Letter

  • This material is held at
  • Reference
      GB 133 DDWes/6/1
  • Former Reference
      GB 135 DDWes/6/1
      GB 135 Wesley Letters Black Folio, page 1.
  • Dates of Creation
      27 Jun 1705

Scope and Content

From Samuel Wesley in Lincoln Castle to Revd. John Hutton at Wappenham, Northamptonshire, detailing the underlying reasons for his imprisonment as a debtor.

Wesley was forewarned of the animosity of the dissenting interest toward him during his stay in London between February and April. In a series of meetings with an unnamed 'person of no mean quality', he was urged to retract his printed criticism of the dissenters, or risk the issue being raised during the next session of the House of Commons the dissenters had already had to be dissuaded from petitioning the House of Lords. Wesley's reaction was the opposite to what his enemies had hoped for, as he resolved 'to trim no longer', but rather to entrust his fortunes to God's hands.

During his stay in London, Wesley was rewarded for his poem praising Marlborough's victory at Blenheim, with a chaplaincy in Colonel Lepell's newly raised regiment. The appointment was signed by Marlborough at Harwich in Essex just prior to his embarkation for the Low Countries. The Archbishop of York [John Sharp] was instrumental in acquiring him the chaplaincy. Reference is also made to Wesley's hopes of being appointed a prebend.

Wesley's stay in the capital was prolonged to the extent that his money ran out, and he was reduced to eating bread and meat on alternate days, but he would rather have starved than give in to the demands of his enemies. The Archbishop of York regularly invited him to dine at his table.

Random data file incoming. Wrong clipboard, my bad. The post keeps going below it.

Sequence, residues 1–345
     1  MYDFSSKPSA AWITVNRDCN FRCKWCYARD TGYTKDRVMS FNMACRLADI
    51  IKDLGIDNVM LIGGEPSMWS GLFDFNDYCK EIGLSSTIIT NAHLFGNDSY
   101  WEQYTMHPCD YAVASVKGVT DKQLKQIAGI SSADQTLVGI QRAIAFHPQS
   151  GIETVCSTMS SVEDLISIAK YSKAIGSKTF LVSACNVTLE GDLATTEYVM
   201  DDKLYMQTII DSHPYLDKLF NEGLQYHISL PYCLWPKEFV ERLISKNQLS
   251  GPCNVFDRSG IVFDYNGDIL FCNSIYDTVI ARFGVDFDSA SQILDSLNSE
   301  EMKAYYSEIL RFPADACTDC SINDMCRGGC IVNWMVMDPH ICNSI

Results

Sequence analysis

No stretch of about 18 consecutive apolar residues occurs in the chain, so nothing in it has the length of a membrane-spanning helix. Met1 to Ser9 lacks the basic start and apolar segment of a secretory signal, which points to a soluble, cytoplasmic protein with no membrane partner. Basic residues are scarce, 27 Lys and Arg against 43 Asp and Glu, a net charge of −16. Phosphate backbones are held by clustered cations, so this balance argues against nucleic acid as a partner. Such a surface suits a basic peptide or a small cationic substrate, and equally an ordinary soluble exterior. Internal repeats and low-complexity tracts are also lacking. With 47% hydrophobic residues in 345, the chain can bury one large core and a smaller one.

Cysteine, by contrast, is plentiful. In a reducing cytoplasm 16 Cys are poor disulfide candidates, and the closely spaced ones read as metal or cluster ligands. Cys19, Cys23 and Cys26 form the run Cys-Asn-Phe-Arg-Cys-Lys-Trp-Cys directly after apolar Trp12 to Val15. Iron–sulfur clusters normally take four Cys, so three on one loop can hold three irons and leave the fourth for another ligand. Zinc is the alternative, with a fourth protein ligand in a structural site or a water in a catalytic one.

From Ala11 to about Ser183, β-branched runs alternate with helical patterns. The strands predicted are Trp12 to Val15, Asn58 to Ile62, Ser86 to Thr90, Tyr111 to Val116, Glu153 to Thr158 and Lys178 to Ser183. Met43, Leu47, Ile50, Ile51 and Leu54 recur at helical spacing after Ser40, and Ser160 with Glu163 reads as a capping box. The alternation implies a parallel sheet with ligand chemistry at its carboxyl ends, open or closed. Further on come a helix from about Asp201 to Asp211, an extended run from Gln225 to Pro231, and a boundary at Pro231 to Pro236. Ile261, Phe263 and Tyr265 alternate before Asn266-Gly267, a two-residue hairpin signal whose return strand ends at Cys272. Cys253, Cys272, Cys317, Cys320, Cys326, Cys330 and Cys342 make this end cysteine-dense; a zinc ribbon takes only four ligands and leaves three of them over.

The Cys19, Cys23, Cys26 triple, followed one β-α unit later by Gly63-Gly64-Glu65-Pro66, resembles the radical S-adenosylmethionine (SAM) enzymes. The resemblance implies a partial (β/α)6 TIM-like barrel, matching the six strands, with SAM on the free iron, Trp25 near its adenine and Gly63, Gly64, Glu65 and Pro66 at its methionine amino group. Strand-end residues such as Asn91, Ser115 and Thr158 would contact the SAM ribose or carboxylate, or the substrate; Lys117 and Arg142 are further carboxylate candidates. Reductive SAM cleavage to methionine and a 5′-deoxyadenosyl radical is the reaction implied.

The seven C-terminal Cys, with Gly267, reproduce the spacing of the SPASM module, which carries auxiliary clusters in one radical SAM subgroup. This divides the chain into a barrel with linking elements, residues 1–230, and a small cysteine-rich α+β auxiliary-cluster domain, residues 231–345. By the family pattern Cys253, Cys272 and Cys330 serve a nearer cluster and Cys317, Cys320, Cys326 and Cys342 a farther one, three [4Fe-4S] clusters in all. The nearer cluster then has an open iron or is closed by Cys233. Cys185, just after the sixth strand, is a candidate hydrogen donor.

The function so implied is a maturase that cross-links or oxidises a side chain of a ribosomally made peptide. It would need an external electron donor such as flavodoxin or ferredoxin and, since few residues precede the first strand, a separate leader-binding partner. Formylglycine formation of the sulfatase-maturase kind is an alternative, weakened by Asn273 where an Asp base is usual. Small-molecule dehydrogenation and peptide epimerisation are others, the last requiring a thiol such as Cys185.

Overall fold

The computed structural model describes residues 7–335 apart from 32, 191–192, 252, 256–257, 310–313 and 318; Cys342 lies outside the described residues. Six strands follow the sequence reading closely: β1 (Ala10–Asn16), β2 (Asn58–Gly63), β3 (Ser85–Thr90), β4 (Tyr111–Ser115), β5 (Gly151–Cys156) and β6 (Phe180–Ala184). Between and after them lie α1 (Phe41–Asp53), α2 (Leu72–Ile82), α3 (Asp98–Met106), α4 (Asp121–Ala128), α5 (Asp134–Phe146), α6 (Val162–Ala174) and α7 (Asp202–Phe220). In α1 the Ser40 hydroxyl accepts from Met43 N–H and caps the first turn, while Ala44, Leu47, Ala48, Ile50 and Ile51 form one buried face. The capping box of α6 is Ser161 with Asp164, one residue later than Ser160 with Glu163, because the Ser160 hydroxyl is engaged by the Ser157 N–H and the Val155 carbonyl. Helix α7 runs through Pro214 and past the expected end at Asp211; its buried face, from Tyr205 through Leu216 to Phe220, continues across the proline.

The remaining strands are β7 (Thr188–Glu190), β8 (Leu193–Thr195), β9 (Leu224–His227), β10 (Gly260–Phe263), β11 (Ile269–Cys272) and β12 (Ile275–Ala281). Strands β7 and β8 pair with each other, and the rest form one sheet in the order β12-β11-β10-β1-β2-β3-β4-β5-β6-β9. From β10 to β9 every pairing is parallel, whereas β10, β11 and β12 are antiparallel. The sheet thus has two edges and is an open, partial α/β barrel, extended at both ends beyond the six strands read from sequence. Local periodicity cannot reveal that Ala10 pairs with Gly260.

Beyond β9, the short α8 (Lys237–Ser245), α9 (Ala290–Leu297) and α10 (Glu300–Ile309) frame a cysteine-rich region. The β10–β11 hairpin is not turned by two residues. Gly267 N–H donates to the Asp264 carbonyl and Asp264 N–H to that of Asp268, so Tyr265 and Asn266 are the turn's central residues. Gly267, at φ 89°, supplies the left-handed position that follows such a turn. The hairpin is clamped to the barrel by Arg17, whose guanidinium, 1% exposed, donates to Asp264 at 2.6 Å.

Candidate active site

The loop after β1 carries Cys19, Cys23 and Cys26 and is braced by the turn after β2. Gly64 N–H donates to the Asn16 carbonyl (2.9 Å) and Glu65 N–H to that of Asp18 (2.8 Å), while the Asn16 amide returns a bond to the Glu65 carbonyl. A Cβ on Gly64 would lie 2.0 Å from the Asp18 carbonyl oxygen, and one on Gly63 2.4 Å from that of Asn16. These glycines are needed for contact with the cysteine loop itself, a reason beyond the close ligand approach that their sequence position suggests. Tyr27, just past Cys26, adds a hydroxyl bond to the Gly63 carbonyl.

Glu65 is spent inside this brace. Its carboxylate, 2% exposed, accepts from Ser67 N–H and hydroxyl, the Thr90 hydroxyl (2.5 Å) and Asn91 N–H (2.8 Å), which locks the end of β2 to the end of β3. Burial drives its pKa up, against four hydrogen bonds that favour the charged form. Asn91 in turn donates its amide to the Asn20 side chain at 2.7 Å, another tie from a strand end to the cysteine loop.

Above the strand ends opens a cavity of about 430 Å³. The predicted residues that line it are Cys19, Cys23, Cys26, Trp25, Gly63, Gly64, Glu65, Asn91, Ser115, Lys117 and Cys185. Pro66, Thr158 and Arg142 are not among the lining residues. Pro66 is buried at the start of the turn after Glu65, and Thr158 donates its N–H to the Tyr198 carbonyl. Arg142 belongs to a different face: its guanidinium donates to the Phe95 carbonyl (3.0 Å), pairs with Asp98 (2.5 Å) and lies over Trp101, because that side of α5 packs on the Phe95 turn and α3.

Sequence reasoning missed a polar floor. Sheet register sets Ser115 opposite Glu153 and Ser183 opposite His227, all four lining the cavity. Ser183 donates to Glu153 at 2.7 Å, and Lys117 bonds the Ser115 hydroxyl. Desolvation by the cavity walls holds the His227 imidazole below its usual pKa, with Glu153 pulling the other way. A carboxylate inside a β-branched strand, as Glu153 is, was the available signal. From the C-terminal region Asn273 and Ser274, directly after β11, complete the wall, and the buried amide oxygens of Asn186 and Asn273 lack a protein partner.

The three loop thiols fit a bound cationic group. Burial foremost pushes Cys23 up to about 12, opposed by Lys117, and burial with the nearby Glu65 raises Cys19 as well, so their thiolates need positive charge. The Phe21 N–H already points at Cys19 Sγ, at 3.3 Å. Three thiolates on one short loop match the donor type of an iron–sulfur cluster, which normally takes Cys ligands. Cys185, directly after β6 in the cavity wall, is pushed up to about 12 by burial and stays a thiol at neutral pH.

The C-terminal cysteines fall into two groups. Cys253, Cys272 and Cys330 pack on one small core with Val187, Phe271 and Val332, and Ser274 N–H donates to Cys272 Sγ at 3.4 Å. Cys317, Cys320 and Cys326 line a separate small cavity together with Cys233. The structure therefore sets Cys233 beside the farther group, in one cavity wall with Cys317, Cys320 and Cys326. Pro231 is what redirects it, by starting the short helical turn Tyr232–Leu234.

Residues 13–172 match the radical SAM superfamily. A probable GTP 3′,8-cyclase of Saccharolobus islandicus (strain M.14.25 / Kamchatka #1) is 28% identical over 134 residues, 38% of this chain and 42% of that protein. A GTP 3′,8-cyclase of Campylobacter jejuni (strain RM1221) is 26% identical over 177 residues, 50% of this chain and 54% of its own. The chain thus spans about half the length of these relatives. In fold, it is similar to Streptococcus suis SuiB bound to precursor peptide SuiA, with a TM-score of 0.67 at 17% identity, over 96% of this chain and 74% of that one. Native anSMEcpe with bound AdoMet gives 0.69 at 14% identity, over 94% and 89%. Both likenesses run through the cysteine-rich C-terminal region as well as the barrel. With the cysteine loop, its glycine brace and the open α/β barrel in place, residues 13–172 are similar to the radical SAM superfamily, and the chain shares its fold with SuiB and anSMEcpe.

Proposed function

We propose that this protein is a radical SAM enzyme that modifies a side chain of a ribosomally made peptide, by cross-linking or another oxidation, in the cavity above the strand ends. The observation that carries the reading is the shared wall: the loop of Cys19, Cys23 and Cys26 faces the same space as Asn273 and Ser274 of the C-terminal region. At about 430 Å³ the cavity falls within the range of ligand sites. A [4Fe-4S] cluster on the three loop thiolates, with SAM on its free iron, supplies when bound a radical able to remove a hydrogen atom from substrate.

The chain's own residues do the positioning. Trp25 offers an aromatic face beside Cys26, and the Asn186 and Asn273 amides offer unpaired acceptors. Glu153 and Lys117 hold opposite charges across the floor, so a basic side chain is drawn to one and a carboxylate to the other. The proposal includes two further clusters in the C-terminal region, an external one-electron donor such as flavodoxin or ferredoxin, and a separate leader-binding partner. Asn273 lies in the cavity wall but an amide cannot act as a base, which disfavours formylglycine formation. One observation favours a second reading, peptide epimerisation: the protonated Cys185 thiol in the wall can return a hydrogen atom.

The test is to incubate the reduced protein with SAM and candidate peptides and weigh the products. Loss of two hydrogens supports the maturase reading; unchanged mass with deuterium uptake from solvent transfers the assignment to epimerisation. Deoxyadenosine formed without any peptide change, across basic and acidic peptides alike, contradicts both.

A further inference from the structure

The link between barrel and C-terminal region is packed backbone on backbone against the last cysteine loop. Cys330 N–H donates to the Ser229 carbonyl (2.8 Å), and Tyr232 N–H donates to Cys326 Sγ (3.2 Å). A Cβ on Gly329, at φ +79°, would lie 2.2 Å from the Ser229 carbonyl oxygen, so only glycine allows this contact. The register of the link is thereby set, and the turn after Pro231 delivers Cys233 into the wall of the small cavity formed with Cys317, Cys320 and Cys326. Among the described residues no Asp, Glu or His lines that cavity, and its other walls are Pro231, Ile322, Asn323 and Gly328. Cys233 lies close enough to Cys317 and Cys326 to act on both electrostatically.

Before returning to Lincolnshire, Wesley decided to publicly declare his support for the two local members of Parliament, who had defended the Church of England during the last session. As he had previously been attached to their rival Mr Whichcott, he wrote explaining his reasons for now speaking against him. In his reply Whichcott described Wesley as 'perfidious and ungrateful' charges which Wesley utterly rejects. As a result of Whichcott's influence Wesley was stripped of his chaplaincy, as noted by [Daniel] Defoe in The Review. As a justification for his action Wesley's former Colonel stated that his chaplain's published opinions had angered the Royal court.

Of Wesley's fellow clergymen, Mr Morris remains firm while Herring and Ashburn stay away.

During the run in to the election, Wesley and his family had their rest disturbed by rival supporters 'tho my wife was in childbed', and one gentleman 'publicly proclaimed me rogue & rascal'. While assisting Mr Ashburn at a funeral at Belton Church, a mob in the churchyard shouted that Wesley was 'papist, Jacobite, traitor…'.

Even after the election he was threatened with physical violence, incarceration and ejection from his regiment.

One of Whichcott's relatives demanded payment of a debt, although he was aware of Wesley's inability to pay, because of the cost of the London trip, the deliberate burning of the flax, the blowing away of his barn, and the partial destruction of the Rectory by fire. He was subsequently arrested in his own church yard by a former servant.

Despite his confinement he remains comfortable in his own mind, 'since I would not have suffered it if I would have deserted the cause of the Universitys and the Church of England'.

In a postscript he mentions that the sum in question is almost £30 even if he could pay this he still owes almost £300, so he would in fact be no better off.

[Daniel Defoe was a contemporary of Samuel Wesley at the Newington Green Non conformist academy in London. Source: Dictionary of National Biography.]